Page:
To examine the importance of Mps1-mediated phosphorylation of Megator for SAC signaling, we assessed by live-cell imaging the capacity of Megator phosphomutants to arrest in mitosis when incubated with spindle poisons (Fig. 3 E). In line with SAC proficiency, cells expressing MegatorWT-EGFP significantly delayed the transition to anaphase in the presence of colchicine (∼640 min) or taxol (∼180 min). In contrast, MegatorT4A-EGFP cells, although able to halt mitotic progression to some extent in response to unattached KTs (∼360 min in colchicine) or decreased microtubules dynamics (∼87 min in taxol), failed to maintain this arrest for the same amount of time as MegatorWT-EGFP cells (Fig. 3 E). This weakened SAC correlates with the observed reduction (∼50%) in Mad1 levels at unattached KTs (Fig. 3, C and D). Thus, we reason that phosphorylation of Megator by Mps1 is required to provide the KT with a sufficient amount of Mad1 that ensures a robust SAC response.

Constitutive phosphorylation of Megator reduces C-Mad2 levels at KTs and compromises SAC strength

Despite being fully competent in recruiting Mad1 to unattached KTs (Fig. 3, C and D), cells expressing MegatorT4D-EGFP also fail to arrest in mitosis in response to colchicine as efficiently as MegatorWT-EGFP cells (Fig. 3 E). Hence, constitutive phosphorylation of Megator is equally deleterious for SAC. Mad1 and Mad2 form a highly stable complex in vitro (Sironi et al., 2002; De Antoni et al., 2005; Vink et al., 2006) and interact with each other throughout the cell cycle (Chen et al., 1998; Chung and Chen, 2002; Fava et al., 2011; Schweizer et al., 2013). In human cells, Tpr has been proposed to protect Mad1-C-Mad2 from proteolytic degradation (Schweizer et al., 2013). We confirmed in Drosophila cells a significant reduction in the total levels of Mad1 and Mad2 following Megator depletion (Fig. 4, A and B; and Fig. S2 D). However, the levels of both proteins are partially rescued to a similar extent regardless of the Megator-EGFP transgene expressed (Fig. 4, A and B), which argues against altered proteostasis as the main cause underlying the weakened SAC function in MegatorT4D-EGFP cells.

Using an antibody specific for C-Mad2 (Fava et al., 2011) we detected a significant decrease in C-Mad2 levels at unattached KTs of cells expressing MegatorT4D-EGFP compared with MegatorWT-EGFP cells (Fig. 4, C–F). We envisage that, in vivo, Megator/Tpr may function as a scaffold to assemble the Mad1-C-Mad2 complex before its targeting to KTs. Hence, while Mad1 dissociation from Megator is required for efficient KT recruitment of Mad1-C-Mad2, prematurely abrogating Mad1-Megator interaction during interphase is detrimental for SAC, as it may compromise the assembly of Mad1-C-Mad2 (Schweizer et al., 2013). Accordingly, a weakened SAC function is also observed in parental S2 cells and human cultured cells depleted of Megator (Figs. 3 E and Fig. S2 G) or Tpr (Schweizer et al., 2013; Rodriguez-Bravo et al., 2014), respectively. Furthermore, disrupting Mad1 localization from NPCs may also affect the formation of premitotic MCC (Rodriguez-Bravo et al., 2014), which is required for full SAC activity and to define the minimum length of time in mitosis in the absence of KT–microtubule attachment problems (Rodriguez-Bravo et al., 2014). Cells expressing MegatorT4D-EGFP, however, fail to exit faster from mitosis (Fig. 4 G), contrasting with Megator-depleted S2 cells (Fig. 4 G) or human cells in which Mad1–Tpr interaction is impaired (Rodriguez-Bravo et al., 2014). This prompted us to examine the assembly of interphase MCC in asynchronous cultured S2 cells (∼97% interphase cells). While depletion of Megator reduced the levels of BubR1-bound Cdc20 in interphase lysates, expression of MegatorT4D-EGFP restored premitotic MCC levels to a similar extent as MegatorWT-EGFP (Fig. 4 H). These data suggest that the residual pool of Mad1 still present at NPCs when MegatorT4D-EGFP is expressed (Fig. S1, E and F) may generate sufficient MCC during interphase to support normal mitotic timing in the absence of spindle poisons. These cells, however, fail to exhibit a robust KT-dependent SAC response (Fig. 3 E) due to limited association of C-Mad2 with KT-bound Mad1 (Fig. 4, C and D).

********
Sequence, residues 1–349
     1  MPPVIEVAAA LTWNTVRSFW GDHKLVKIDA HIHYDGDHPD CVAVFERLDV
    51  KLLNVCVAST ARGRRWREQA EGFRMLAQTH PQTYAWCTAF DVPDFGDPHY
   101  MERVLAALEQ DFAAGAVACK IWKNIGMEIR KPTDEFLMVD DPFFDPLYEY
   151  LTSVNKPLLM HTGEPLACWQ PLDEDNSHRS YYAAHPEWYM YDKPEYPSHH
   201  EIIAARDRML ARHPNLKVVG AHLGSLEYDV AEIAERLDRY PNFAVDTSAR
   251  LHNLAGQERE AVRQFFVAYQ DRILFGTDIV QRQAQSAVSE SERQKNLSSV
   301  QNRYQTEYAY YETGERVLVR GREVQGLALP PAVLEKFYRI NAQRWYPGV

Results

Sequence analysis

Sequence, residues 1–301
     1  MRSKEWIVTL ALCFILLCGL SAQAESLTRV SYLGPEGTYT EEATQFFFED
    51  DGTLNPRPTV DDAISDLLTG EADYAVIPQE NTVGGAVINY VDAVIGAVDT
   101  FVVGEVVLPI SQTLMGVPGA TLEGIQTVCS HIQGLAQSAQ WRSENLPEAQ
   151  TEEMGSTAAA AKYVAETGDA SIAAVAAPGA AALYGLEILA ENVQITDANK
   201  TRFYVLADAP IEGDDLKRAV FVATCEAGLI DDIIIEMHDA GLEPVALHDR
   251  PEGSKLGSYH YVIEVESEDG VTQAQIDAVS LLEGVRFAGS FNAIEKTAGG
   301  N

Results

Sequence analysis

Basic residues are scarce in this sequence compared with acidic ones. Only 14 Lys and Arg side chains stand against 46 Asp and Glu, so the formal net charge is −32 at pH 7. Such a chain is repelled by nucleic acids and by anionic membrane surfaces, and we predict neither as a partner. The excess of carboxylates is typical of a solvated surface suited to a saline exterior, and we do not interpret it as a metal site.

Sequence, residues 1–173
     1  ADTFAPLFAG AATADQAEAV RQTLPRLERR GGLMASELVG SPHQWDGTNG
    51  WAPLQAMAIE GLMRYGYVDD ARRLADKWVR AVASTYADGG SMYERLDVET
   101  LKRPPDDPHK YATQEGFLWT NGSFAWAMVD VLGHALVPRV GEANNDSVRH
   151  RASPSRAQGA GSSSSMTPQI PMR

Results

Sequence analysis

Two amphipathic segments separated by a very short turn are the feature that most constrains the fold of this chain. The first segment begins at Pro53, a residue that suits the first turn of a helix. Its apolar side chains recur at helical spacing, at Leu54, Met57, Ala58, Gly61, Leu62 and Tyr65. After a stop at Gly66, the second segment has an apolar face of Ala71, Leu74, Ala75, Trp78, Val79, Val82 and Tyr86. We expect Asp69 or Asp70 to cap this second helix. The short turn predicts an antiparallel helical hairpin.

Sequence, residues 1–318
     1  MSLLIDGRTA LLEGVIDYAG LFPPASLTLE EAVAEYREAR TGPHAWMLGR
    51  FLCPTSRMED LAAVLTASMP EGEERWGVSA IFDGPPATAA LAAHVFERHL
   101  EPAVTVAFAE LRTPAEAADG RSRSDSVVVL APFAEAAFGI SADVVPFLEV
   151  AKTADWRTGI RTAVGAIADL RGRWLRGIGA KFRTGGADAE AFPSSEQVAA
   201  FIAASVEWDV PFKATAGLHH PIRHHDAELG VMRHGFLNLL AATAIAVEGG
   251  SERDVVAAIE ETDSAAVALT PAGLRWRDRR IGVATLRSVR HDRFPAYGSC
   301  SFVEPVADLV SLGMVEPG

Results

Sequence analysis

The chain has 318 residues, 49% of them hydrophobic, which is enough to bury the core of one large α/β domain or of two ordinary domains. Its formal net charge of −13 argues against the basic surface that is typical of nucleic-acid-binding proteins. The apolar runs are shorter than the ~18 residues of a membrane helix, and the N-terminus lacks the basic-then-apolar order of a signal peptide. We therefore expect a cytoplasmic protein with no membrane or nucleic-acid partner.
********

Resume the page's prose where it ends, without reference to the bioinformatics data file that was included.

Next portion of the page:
Mad1 release from NPCs rescues chromosome missegregation and aneuploidy in mps1-null neuroblasts